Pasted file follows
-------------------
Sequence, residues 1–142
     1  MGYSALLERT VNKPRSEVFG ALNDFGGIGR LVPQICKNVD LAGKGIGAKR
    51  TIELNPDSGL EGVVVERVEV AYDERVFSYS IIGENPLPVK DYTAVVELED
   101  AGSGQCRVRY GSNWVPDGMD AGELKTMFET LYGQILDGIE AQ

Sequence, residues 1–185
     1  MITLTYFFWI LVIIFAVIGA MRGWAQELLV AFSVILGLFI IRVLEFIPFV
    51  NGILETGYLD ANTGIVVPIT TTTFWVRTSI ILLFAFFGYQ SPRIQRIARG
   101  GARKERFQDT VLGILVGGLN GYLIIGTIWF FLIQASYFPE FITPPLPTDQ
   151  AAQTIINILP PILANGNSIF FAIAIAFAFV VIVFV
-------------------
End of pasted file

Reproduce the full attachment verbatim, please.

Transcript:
Sequence, residues 1–142
     1  MGYSALLERT VNKPRSEVFG ALNDFGGIGR LVPQICKNVD LAGKGIGAKR
    51  TIELNPDSGL EGVVVERVEV AYDERVFSYS IIGENPLPVK DYTAVVELED
   101  AGSGQCRVRY GSNWVPDGMD AGELKTMFET LYGQILDGIE AQ

Sequence, residues 1–185
     1  MITLTYFFWI LVIIFAVIGA MRGWAQELLV AFSVILGLFI IRVLEFIPFV
    51  NGILETGYLD ANTGIVVPIT TTTFWVRTSI ILLFAFFGYQ SPRIQRIARG
   101  GARKERFQDT VLGILVGGLN GYLIIGTIWF FLIQASYFPE FITPPLPTDQ
   151  AAQTIINILP PILANGNSIF FAIAIAFAFV VIVFV